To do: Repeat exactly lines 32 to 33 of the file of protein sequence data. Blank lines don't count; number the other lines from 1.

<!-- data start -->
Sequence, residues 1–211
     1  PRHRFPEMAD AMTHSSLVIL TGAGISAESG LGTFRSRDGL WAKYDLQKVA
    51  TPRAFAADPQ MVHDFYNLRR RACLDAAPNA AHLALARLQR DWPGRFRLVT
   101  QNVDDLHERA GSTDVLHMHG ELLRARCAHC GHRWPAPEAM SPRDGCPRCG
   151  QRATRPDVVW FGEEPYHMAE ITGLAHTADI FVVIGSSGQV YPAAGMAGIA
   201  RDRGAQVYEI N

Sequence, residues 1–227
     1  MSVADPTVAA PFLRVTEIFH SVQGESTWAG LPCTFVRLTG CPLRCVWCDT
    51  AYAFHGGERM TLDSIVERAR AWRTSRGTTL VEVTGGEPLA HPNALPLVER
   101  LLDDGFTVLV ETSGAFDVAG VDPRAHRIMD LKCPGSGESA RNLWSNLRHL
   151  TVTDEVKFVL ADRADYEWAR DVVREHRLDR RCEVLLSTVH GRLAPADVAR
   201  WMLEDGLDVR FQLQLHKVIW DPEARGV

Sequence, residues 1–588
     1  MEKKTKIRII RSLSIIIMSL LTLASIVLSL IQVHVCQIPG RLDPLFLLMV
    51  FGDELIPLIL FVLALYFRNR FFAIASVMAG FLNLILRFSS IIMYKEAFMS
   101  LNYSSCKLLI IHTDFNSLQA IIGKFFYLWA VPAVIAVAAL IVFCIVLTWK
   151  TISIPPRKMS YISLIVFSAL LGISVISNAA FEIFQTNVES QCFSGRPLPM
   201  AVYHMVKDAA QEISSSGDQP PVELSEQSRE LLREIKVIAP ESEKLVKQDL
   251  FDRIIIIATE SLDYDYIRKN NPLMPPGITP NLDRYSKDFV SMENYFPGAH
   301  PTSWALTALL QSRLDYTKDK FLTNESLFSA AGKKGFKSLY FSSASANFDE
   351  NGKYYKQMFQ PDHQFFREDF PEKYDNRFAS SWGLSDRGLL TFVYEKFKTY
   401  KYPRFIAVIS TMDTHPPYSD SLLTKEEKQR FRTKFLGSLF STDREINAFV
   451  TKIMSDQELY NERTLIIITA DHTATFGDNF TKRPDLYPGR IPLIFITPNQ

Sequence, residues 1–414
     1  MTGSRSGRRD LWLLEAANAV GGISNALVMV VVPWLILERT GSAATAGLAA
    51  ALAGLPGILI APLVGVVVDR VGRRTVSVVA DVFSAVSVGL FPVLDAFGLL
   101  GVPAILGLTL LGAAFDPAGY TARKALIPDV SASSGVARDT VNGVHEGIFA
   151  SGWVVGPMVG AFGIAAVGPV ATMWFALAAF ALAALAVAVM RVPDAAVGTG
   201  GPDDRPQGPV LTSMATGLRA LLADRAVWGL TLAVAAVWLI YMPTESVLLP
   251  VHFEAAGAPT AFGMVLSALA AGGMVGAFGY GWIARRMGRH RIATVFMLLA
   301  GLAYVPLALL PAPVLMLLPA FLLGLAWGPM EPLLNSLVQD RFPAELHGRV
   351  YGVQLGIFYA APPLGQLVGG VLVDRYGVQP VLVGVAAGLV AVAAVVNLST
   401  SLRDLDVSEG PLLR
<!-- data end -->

   351  YGVQLGIFYA APPLGQLVGG VLVDRYGVQP VLVGVAAGLV AVAAVVNLST
   401  SLRDLDVSEG PLLR